Health and Medical News and Resources

General interest items edited by Janice Flahiff

What the ‘limits of DNA’ story reveals about the challenges of science journalism in the ‘big data’ age

This journalist ends her post by acknowledging that the medical news readership often bases their decisions on medical and science news articles. She and others strive to report based on sound science, despite current obstacles.

Excerpts from the 6 April 2012 blog post at The Last Word on Nothing

As a science journalist, I sympathize with book reviewers who wrestle with the question of whether to write negative reviews. It seems a waste of time to write about a dog of a book when there are so many other worthy ones; but readers deserve to know if Oprah is touting a real stinker.
On 2 April, Science Translational Medicine published a study on DNA’s shortcomings in predicting disease. My editors and I had decided not to cover the study last week after we saw it in the journal’s embargoed press packet, because my sources offered heavy critiques of its methods..

…I ended up writing about the paper anyway after it made a huge media splash that prompted fury among geneticists. In a thoughtful post at the Knight Science Journalism tracker, Paul Raeburn asked yesterday why other reporters didn’t notice the problems with the study that I wrote about. Having been burned by my own share of splashy papers that go bust, I think the “limits of DNA “ story underscores a few broader issues for our work as science journalists:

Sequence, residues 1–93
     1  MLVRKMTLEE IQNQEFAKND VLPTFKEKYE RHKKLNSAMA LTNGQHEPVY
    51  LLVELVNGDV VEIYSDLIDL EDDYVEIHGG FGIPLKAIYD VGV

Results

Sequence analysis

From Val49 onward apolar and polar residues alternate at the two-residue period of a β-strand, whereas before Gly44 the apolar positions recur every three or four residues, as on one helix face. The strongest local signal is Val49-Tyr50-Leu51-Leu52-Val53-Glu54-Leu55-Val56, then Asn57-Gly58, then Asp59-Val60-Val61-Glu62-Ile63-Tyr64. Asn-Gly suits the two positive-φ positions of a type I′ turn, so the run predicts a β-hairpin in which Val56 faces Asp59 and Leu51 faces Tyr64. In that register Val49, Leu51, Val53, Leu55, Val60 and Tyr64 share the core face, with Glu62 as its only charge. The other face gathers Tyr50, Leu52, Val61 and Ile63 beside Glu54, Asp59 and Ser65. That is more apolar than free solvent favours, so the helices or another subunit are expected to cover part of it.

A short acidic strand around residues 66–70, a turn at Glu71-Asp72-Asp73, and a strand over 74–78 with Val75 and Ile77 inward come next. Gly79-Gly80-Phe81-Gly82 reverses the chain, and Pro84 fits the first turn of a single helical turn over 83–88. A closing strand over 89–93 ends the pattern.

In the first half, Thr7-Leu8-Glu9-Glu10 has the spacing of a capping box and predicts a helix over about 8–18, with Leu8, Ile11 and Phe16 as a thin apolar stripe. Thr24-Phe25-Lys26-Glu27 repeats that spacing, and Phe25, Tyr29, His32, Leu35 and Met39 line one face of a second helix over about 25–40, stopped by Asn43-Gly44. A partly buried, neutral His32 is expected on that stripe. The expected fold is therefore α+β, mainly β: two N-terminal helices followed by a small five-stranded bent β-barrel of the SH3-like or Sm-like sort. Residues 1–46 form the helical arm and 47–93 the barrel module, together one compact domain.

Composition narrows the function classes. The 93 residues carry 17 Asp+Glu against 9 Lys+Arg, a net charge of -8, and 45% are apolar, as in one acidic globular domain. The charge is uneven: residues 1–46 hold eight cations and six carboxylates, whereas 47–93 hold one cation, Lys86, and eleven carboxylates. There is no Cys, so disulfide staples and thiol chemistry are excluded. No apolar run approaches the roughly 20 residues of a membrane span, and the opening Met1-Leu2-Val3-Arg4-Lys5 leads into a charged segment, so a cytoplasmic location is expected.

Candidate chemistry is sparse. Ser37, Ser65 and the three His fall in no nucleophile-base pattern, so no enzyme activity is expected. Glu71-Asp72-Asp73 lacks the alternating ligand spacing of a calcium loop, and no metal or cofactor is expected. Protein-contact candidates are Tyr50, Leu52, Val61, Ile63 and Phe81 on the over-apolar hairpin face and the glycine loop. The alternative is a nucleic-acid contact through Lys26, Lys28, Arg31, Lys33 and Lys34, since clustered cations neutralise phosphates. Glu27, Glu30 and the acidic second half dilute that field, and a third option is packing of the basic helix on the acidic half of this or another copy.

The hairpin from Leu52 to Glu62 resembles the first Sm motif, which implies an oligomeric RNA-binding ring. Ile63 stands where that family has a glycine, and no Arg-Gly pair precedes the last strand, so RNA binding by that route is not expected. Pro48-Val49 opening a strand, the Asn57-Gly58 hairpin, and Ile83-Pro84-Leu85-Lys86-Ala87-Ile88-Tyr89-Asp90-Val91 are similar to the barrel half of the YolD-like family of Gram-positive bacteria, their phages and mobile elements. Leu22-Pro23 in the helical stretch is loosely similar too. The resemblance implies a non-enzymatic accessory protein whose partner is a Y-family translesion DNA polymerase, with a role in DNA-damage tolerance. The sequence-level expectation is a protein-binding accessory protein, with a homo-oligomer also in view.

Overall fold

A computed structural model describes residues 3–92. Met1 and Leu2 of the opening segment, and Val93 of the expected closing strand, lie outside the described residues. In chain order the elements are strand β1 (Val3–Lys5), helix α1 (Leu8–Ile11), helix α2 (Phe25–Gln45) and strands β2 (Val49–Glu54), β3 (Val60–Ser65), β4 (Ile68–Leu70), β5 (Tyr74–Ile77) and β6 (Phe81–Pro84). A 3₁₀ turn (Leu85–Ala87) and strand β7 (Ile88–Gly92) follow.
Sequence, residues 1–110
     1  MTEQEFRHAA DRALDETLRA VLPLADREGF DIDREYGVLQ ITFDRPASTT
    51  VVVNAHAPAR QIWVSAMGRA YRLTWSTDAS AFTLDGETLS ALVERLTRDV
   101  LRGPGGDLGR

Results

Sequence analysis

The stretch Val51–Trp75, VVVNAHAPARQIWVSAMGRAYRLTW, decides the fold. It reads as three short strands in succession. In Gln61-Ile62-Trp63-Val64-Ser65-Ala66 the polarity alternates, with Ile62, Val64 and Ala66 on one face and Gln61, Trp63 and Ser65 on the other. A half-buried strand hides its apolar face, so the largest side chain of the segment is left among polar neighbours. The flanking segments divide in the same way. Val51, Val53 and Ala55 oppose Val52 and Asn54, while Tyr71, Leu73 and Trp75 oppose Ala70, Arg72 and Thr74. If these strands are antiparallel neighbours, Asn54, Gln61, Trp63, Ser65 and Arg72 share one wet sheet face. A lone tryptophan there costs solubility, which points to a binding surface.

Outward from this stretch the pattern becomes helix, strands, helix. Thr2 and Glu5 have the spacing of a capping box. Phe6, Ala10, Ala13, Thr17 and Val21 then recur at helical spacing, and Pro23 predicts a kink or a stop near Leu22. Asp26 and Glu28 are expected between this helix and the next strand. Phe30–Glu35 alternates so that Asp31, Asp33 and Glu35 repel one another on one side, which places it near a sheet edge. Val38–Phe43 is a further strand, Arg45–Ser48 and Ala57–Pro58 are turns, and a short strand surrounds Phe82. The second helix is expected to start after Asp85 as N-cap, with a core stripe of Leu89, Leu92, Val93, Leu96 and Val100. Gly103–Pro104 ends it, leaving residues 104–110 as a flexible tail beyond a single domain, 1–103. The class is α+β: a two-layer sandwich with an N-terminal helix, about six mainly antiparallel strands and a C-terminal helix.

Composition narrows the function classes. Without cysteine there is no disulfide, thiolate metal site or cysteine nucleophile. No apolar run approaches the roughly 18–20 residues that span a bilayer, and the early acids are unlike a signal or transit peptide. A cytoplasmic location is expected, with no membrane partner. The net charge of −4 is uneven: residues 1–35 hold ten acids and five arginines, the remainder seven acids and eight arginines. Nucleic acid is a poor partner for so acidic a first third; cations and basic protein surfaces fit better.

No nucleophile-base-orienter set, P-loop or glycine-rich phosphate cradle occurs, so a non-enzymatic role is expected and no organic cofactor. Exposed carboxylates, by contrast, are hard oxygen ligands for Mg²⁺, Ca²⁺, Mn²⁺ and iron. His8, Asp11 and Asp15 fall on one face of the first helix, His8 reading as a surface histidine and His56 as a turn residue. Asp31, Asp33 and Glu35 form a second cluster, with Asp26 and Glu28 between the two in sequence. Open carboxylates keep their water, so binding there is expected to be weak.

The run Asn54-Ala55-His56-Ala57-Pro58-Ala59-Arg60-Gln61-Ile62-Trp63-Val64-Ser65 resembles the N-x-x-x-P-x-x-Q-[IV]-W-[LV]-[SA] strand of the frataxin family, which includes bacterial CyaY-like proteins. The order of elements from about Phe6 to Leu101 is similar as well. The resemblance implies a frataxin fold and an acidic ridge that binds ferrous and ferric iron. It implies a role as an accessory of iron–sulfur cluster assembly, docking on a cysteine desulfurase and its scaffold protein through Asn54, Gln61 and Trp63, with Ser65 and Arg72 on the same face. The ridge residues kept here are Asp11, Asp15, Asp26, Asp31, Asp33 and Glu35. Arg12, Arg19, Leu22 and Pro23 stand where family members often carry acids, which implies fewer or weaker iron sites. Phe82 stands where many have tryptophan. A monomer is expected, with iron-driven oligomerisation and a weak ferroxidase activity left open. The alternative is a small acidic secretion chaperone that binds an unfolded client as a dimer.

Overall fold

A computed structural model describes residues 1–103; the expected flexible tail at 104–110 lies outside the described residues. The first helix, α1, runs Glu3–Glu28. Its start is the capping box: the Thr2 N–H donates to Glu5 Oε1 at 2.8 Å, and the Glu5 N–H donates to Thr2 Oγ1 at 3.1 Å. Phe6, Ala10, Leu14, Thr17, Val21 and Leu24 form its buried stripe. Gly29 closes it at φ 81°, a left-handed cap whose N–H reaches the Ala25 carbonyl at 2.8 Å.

1. Science consists of more and more “big data” studies whose findings depend on statistical methods that few of us reporters can understand on our own. I never would have detected the statistical problems with the Vogelstein paper by myself. We can look for certain red flags that a study might not be up to snuff, such as small sample sizes or weak clinical trial designs, but it’s a lot harder to sniff out potential problems with complicated statistical methods.

2. Challenges in the news business are ratcheting up pressure on all of us. Reporters are doing much more work in much less time than we have in the past as we compete with an expanded universe of news providers who have sped up the news cycle. Yet it still takes time and effort to make sense of the developments we cover. It took me about three days to report my piece on the Vogelstein paper while I was simultaneously working on other assignments. That’s probably longer than most reporters can spend on a piece like this…

The article goes on to point out other challenges as

4. It’s becoming more difficult to trust traditional scientific authorities.

5. Beware the deceptively simple storyline.

6. Getting the story right matters more than ever.

Related Resources

April 10, 2012 - Posted by | Finding Aids/Directories, Medical and Health Research News | , ,

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